Pairpoint Glass: The Bryden Years (1970 – 1988)
In 1970 a small glass factory was established by Robert Bryden in the neighboring town of Sagamore, Massachusetts. It was the first time that hot glass was made on Cape Cod in a factory setting since the demise of glassmaking in Sandwich in 1907. Robert Bryden’s Pairpoint Glass Works produced a wide variety of wares, which were influenced by Pairpoint’s long history in New Bedford.
Robert Bryden began his glassmaking career in New Bedford, Massachusetts. Upon taking a tour of the New Bedford glass factory in 1950, his interest in glassmaking grew to a point that he decided to join the firm, Gunderson Glass Works, as a trainee. A graduate of Boston University, Bryden first worked as a chemist at United States Steel. In 1957 the New Bedford glassworks, now Gunderson-Pairpoint, ceased operations due to stiff competition from post-war imports. Bryden, the firm’s last general manager, moved the operation to a smaller facility in East Wareham, Massachusetts and renamed the business, the Pairpoint Glass Company. Bryden’s new venture lasted about six months, closing in March 1958. During the 1960s Bryden travelled to Europe, where he became a freelance glassmaker manufacturing handmade items with the Pairpoint name. In 1968 he returned to build a glass factory in Sagamore which opened in 1970. He brought with him talented Scottish glassworkers, Robert Mason, John Irvine, and Alistair Ross. Soon to follow were glassblowers, David McDermott, Robert Cummings and William Burchfield. Cutting and decorating shops were added with skilled engravers and cutters Carl O. Schweidenback, Bryant Silvia and Edward Poore and decorators Philip Kiluk, Cynthia Bryden, Lois McGrady and Laure (Parish) Paillex.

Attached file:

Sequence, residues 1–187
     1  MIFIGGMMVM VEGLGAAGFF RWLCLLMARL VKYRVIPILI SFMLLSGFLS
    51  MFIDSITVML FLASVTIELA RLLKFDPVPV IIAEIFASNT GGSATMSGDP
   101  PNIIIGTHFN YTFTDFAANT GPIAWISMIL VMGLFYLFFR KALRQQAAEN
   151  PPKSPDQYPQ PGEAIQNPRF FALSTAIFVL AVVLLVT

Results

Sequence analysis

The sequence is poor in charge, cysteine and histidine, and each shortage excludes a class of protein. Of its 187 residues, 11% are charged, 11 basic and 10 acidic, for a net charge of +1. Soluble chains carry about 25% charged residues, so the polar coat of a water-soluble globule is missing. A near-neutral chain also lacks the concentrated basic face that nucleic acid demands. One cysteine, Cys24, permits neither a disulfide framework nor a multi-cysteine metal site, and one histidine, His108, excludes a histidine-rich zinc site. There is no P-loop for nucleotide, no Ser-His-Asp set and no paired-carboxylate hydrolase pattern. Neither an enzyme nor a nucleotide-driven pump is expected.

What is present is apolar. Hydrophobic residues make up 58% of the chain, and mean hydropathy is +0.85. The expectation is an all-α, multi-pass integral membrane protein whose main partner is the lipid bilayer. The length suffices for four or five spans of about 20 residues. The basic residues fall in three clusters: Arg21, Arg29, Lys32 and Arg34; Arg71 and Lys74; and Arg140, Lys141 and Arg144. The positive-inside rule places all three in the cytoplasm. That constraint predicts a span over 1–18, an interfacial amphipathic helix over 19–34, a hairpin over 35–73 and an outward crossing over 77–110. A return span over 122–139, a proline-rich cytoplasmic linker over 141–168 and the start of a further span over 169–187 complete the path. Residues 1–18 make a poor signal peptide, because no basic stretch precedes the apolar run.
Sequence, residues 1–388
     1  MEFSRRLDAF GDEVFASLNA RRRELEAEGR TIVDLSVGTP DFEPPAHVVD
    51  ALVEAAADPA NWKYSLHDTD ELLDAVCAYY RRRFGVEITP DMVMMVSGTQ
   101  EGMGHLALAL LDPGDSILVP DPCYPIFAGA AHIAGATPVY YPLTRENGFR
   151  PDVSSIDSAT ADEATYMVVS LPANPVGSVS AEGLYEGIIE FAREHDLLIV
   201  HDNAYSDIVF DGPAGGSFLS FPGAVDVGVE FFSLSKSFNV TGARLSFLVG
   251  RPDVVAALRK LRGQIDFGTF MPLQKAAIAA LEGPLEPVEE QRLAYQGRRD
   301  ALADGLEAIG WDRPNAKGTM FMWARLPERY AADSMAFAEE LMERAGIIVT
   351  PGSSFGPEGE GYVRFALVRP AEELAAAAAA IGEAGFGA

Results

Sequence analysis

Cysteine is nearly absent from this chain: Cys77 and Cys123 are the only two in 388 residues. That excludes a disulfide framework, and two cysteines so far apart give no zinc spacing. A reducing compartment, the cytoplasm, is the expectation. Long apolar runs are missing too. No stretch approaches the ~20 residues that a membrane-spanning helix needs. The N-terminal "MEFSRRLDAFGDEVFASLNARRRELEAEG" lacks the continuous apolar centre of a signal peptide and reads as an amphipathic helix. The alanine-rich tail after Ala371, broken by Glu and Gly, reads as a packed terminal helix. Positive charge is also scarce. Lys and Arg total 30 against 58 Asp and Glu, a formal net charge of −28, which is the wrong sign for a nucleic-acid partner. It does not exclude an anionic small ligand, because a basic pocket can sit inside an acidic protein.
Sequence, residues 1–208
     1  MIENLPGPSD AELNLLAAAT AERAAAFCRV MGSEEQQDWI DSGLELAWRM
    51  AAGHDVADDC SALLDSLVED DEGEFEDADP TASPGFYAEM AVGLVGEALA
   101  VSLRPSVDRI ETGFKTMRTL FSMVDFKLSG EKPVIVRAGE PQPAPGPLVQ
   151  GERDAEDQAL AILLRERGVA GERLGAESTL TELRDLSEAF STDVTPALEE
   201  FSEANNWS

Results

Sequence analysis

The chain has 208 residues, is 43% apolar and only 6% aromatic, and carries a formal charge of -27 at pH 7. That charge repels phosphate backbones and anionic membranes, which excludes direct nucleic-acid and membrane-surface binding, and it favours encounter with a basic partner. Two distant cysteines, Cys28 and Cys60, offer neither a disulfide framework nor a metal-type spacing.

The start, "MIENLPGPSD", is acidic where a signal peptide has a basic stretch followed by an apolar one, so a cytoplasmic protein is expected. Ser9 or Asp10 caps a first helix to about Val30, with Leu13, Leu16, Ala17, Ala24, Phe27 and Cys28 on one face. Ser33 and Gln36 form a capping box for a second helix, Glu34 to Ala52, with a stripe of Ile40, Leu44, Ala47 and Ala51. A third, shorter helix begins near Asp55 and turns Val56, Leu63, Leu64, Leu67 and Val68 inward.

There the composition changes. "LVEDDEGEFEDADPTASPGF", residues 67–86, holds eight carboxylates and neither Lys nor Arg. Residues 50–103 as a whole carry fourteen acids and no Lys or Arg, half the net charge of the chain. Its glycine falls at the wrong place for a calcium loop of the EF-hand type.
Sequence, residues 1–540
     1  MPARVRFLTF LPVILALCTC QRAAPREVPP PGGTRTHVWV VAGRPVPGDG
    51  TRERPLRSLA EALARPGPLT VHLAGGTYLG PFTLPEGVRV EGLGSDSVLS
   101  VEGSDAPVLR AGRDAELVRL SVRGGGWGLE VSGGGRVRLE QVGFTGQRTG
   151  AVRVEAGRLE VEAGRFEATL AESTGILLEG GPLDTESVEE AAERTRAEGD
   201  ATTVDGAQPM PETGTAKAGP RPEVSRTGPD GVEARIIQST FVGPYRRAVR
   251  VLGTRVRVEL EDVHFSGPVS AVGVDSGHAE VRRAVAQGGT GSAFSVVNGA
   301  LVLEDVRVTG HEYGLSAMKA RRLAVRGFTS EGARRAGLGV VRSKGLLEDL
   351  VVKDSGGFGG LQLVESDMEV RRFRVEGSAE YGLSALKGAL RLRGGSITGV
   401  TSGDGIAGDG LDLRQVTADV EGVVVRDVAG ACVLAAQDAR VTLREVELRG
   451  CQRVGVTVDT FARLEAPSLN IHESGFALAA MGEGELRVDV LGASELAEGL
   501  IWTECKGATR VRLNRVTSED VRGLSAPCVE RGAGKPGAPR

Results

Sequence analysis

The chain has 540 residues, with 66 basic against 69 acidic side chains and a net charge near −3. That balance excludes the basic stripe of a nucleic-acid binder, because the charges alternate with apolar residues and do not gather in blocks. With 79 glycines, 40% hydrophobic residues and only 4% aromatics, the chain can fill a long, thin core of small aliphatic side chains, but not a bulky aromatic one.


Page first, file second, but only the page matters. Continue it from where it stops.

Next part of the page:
While managing the Company Robert Bryden oversaw all aspects of glassmaking including the mixing of the batch and the charging of the furnaces. He experimented with Pairpoint colors including Peachblow and Burmese. Initially the Company produced a variety of blown wares influenced by traditional Pairpoint designs, but by 1974 the firm began pressing glassware, including the very popular cup plate. Mr. Bryden had always hoped to return glassmaking to New Bedford and for five years (1977-1982) operated factories in both Sagamore and New Bedford. However the New Bedford venture failed, while the Sagamore factory continued to thrive mainly due to tourism. In an interview Bryden reflected: “We did have an obligation to return to the city [New Bedford] where we operated for over 100 years and put a lot of time and effort into it, but after five years of hard work, it just didn’t work out.”
Featured in the exhibit are pieces from the collections of Pairpoint glassworkers, including many one-of-a-kind objects and rare examples of Amberina, Burmese and Peachblow, which were made in limited batches. Also displayed are paperweights, perfume bottles, and commissioned items. After nearly 40 years in the glass industry, Robert Bryden retired in September 1988. Since Bryden’s retirement, the Pairpoint Glass Company has changed owners several times, but the dream envisioned by Robert Bryden of a factory rich in the tradition of handmade glass remains today. Pairpoint Glass – The Bryden Years will run through June 11, 2017 in the Sandwich Glass Museum’s special exhibition gallery.